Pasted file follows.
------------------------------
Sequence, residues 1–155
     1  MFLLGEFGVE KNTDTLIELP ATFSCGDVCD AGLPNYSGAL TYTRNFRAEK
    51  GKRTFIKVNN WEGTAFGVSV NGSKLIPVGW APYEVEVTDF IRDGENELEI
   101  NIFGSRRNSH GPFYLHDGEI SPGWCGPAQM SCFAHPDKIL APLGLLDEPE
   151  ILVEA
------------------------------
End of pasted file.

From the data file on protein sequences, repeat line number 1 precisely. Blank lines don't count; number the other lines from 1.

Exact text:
Sequence, residues 1–155